There are multiple Chase credit cards that are available that will get you 50k points after hitting your spend amount, so while you still can’t get a round-trip flight with just one card, you can get close, and if you put all your expenses on that card you might just be able to get 60k points on one card.
Using Chase points for a United flight isn’t a bad idea, but the next option might be even better.
Well, in many ways Delta is one of the worst airlines for travel hacking. One of the main reasons for this because it’s not easy to earn miles with them – the best credit card offers they ever seem to have top out at 35k miles. A cursory check shows that you’d need 60k miles to fly Delta from Chicago to Dublin.
However, Delta is a member of the Skyteam alliance, and some of the other members have better redemption amounts for this flight. For example, it’ll only take 50k miles to fly on Air France, KLM, Czech Airlines, or Alitalia, all of which are Skyteam members, so you can transfer points to them from any other member.
Also, Chase Ultimate Rewards points can transfer directly to Korean Air miles (another Skyteam member, but unfortunately they don’t fly to Dublin), which could then transfer to any of the Skyteam members mentioned above. So with one Chase UR credit card and a few well-placed transfers, you could get an award flight from Chicago to Dublin. Unfortunately, all of these airlines have fuel surcharges of various amounts, so if your goal is spending as little money as possible, you’re better off with AA or United.
One Option We Definitely Can’t Recommend…
Ryanair. There, we said it. We wanted to love them, we really did. We had heard so many stories of the epic discount airlines in Europe. We had heard about flying from London to Jordan for only $25, and other such incredible deals. So you might think flying to London on a big airline, then flying to Dublin on Ryanair might be a good choice. But what we found was nothing to write home about.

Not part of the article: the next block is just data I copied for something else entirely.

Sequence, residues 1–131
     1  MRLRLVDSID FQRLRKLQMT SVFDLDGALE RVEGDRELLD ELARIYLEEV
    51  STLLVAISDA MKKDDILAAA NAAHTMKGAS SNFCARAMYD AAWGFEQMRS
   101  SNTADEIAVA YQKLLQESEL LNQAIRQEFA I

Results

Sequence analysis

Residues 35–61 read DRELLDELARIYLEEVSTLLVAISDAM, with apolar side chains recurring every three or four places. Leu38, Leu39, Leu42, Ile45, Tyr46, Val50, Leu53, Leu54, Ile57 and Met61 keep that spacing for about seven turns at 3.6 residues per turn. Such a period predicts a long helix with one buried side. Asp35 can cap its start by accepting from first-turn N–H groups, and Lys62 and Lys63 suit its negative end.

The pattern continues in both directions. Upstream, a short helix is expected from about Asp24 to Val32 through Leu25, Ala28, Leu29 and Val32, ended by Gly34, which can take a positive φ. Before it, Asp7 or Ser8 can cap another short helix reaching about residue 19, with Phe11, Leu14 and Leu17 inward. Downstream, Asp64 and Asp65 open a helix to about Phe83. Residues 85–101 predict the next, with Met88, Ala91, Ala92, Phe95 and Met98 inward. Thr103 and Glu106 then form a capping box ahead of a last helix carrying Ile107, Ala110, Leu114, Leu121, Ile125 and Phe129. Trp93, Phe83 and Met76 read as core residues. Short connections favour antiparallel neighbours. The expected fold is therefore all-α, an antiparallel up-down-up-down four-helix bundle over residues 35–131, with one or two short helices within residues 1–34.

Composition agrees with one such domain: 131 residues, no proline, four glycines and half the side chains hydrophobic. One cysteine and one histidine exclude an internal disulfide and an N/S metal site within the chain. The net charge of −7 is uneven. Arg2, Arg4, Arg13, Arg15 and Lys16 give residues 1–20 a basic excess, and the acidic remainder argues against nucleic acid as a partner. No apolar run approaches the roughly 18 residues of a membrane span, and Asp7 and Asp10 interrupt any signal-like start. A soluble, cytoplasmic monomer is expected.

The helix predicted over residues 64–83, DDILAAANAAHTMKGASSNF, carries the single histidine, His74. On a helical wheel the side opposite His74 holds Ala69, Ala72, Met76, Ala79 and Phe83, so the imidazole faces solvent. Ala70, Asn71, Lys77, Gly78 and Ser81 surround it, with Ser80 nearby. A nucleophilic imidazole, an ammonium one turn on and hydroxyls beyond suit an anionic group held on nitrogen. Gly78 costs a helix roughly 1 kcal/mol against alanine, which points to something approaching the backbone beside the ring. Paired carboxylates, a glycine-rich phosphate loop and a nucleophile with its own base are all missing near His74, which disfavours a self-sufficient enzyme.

Here’s the deal; if you can fly on them without checking a bag, it might be worth it. The flight prices are cheap, but checking two bags cost us about $150, totally canceling out any savings. And the quality of service and flight really feels extra cheap on Ryanair. So why pay the same amount of money for a substandard experience? Do yourself a favor, and forget all about taking them to Ireland.
Some Recommendations on Places to Stay
There are plenty of places you can stay in Dublin – after all, it’s a bustling city, full of hotels, hostels, and everything in between. We can’t personally speak to those, cause we didn’t use anything like them. We ended up renting a room through AirBnB.
We rented a spare room in a two bedroom apartment. Our hosts were incredibly amicable and easy going. It was a great location on Parnell Street, directly across from Moore Street and its colorful market. We were able to walk the market, picking up food for a picnic, make it on foot to Trinity College and the Temple Bar area. Our hosts even drove us to the airport when we were done staying with them! There’s no way we could’ve had such a dynamite location without spending an arm and a leg for it. A nearby B&B charges $125/night, and we paid only $60.